where G is the gain of the antenna, A is the base area of the antenna aperture and λ is the wavelength.

At 10 GHz, the measured gain is 8.2 dB for the 20 × 20 mm DRA, and hence the aperture efficiency based on the equation is calculated to be 118 percent. It is greater than 100 percent because the formula provides the aperture efficiency for a 2D aperture, where the true aperture for a DRA is the entire curved radiating surface encompassing the DRA element.

Figure 13 shows E-plane and H-plane radiation pattern measurements at 10 GHz for both DRA units. The measurements demonstrate that the reflector size beyond 20 × 20 mm has little influence on boresight gain, indicative of the radiation mode source being dominantly controlled by the EM mode in the dielectric portion of the DRA.

Figure 12

Figure 12 Simulated vs. measured boresight gain of the two DRA units over frequency.

Figure 13

Figure 13 Measured E- (a) and H-plane (b) antenna patterns of the two DRA units.

Array Antenna

To demonstrate the array performance of multiple DRAs in a typical steerable configuration used for various applications, a 5 × 5 DRA array is created. Figure 14a is a photograph of the 5 × 5 array of DRAs, where each DRA is fed with separate coaxial feeds. The assembly is contained within a frame that holds all the DRAs. Figure 14b shows the 5 × 5 DRA array fed with a Rotman-Turner lens for steering the resultant radiated beam up to angles of 30 degrees.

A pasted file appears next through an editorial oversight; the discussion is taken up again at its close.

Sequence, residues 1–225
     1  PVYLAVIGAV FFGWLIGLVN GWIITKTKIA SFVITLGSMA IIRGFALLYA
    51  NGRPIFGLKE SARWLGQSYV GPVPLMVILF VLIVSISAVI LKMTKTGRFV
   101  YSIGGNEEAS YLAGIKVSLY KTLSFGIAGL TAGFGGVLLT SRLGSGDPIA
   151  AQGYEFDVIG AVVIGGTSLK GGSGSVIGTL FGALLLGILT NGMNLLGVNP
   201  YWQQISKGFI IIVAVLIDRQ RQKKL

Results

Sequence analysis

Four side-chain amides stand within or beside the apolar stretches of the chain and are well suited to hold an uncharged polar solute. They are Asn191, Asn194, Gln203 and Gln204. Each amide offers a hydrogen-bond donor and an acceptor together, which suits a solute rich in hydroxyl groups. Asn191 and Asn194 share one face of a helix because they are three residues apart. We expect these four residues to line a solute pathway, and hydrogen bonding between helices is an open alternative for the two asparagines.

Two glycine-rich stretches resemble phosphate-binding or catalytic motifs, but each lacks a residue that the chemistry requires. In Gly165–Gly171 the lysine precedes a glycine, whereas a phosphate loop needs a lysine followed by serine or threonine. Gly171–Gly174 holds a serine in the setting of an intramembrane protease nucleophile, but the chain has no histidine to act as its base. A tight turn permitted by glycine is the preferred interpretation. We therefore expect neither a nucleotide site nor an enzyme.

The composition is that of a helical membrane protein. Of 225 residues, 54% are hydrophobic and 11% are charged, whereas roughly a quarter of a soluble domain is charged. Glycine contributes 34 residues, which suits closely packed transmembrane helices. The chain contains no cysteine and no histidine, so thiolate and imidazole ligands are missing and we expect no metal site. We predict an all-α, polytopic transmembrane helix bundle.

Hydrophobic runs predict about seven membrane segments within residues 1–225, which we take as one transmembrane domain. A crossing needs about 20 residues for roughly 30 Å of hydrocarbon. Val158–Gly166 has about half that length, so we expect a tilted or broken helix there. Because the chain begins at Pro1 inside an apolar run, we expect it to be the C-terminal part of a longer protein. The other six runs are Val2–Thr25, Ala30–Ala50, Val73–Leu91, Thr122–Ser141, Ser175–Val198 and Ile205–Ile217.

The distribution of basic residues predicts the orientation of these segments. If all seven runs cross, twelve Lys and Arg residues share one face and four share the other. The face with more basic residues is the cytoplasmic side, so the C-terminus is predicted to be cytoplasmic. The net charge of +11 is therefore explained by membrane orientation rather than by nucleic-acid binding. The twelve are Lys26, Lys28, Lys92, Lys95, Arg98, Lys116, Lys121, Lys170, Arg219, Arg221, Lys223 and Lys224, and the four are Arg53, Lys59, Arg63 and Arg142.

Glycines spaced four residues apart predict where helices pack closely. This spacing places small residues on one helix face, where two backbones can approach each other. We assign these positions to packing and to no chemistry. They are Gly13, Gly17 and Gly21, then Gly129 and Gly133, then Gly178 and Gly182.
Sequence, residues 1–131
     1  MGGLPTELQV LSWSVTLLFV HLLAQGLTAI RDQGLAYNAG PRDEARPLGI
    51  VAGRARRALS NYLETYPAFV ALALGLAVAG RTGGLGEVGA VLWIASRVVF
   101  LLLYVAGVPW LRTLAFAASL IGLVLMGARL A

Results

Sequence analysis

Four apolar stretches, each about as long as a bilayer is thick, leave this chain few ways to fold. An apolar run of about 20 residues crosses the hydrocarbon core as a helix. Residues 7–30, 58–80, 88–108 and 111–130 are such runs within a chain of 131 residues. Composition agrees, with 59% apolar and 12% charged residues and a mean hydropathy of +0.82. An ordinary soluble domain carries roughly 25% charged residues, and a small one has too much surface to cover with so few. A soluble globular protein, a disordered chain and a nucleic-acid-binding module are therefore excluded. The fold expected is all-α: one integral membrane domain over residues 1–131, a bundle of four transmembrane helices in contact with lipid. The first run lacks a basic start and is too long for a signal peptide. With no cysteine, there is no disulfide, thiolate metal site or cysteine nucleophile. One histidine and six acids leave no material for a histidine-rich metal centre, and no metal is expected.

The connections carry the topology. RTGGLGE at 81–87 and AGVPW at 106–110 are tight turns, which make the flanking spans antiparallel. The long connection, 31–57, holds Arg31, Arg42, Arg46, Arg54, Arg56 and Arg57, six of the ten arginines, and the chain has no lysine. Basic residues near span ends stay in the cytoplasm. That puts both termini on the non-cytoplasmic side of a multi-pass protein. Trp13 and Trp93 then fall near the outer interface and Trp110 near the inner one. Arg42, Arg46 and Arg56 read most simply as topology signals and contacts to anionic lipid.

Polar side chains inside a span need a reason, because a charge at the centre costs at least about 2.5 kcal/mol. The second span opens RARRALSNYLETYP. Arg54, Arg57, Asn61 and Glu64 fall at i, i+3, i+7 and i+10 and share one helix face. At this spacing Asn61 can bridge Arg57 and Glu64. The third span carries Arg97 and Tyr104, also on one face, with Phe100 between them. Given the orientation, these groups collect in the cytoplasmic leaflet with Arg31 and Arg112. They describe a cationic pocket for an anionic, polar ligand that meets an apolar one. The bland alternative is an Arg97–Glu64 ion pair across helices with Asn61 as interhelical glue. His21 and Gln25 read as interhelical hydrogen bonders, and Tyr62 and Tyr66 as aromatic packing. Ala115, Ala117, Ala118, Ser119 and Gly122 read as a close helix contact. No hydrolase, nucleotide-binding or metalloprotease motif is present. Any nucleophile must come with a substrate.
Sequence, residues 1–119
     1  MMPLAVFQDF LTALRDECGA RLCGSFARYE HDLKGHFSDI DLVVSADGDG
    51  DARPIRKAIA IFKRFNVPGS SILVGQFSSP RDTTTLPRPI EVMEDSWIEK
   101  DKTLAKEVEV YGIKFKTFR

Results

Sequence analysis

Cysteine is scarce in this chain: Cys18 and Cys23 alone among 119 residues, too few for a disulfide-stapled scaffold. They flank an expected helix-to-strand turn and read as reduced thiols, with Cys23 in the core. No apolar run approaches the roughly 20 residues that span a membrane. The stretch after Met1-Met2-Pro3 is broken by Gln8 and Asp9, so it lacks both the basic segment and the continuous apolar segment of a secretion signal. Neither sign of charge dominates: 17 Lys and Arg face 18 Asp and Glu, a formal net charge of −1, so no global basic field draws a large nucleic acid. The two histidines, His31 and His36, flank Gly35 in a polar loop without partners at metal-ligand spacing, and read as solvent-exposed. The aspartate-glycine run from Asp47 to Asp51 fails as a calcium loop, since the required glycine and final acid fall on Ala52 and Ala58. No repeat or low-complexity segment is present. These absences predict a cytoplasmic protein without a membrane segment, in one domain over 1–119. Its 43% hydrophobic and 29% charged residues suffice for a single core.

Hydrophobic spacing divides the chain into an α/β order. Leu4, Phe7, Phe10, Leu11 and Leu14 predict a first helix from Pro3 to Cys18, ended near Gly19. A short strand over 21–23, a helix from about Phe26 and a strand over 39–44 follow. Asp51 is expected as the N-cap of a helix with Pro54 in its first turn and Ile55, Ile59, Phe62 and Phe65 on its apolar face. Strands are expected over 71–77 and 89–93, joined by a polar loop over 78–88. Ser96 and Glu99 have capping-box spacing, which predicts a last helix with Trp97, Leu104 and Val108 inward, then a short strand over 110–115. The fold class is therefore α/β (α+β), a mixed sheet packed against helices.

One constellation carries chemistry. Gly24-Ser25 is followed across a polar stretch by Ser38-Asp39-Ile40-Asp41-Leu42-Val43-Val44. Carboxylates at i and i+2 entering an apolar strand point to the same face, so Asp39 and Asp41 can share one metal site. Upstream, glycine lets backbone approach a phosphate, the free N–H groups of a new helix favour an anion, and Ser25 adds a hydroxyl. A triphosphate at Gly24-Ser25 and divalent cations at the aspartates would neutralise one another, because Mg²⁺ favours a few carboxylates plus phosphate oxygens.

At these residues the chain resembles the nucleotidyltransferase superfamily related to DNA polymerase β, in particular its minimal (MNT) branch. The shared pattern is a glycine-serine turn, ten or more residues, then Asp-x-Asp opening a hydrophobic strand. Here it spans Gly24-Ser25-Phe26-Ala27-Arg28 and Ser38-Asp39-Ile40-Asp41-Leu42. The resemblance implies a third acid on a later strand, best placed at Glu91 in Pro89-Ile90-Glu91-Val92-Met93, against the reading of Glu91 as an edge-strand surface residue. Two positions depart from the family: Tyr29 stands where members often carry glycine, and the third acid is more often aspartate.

Figure 15 shows simulated and measured radiation patterns of the 5 × 5 DRA array at 10 GHz along the steering direction plane for the Rotman-Turner lens beam ports associated with 0-, 10-, 20- and 30-degree steering angles. The results show good agreement between measured and simulated radiation patterns.

Figure 14

Figure 14 DRA array (a) and array assembly with a Rotman-Turner lens feed (b).

Figure 15

Figure 15 Simulated vs. measured radiation patterns of the 5 x 5 DRA array at 10 GHz.


A very efficient, wideband and steerable DRA at 10 GHz is based on the radiation properties of a multi-layer dielectric resonator. The radiating bandwidth is maximized via an interplay between TE and TM radiating modes. The resonator shape, multi-layer structure and unit cell architecture favor multiple TE radiating modes in spectral proximity. Furthermore, radiating TM modes are suppressed and shifted to higher frequencies utilizing an air center. The technique provides a flat and high boresight gain over a wide frequency band. DRA designs are scalable over a broad frequency range from C-Band to automotive radar frequencies and beyond. We strongly believe that the technology provides valuable tradeoffs that cannot be readily achieved with conventional antenna technologies.


We thank Stephen O’Connor at Rogers Corporation for material formulation. We also thank Shawn Williams, Karl Sprentall and Bob Daigle at Rogers Corporation for valuable discussions and feedback.